In the dbf world, the index is a separate file on the disk. To use the index, you must attach it. You can attach
up to seven indexes to a dbf table. If you change the indexed fields, or add records, without first attaching the
index, the index will be out of synch with the data, and when you do attach the index, you won't see the changed
records until you rebuild the index. This can't happen in Access, because the index is part of the table.
A later enhancement was the multiple index file. You would attach the index and then you could specify which index 'tag' to order the records.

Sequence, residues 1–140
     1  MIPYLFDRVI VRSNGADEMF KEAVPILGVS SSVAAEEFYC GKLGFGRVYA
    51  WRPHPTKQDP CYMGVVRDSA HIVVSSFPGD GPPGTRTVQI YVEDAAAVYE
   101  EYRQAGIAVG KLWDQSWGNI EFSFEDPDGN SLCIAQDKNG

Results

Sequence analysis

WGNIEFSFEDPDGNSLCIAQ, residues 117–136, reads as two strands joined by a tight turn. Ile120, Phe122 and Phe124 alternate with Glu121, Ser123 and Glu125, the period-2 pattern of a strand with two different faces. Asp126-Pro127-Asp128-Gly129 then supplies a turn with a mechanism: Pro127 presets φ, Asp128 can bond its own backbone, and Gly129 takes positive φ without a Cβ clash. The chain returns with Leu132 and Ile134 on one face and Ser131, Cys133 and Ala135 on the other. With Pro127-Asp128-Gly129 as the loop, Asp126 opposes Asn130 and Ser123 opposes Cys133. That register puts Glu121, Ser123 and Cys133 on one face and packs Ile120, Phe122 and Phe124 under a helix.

The original xbase environment provided for 9 workspaces, and each table is opened in its own workspace. You can attach up to 7 indexes to each table. There was one more workspace that was reserved for the 'catalog' which was similar to the Access database window to collect & organize your objects. Practically speaking, however, there are DOS file handle limitations that
prevent you from actually opening everything up at once.
Xbase indexes use a clever algorithm that internally has trees, nodes and all sorts of exotic stuff, the net result is that the index is typically quite small compared to the table. This makes SEEK-ing records pretty fast. Also, xbase assigns a unique record number to each row, so once the record is found (or not found) in the index file, wham! there it is in the table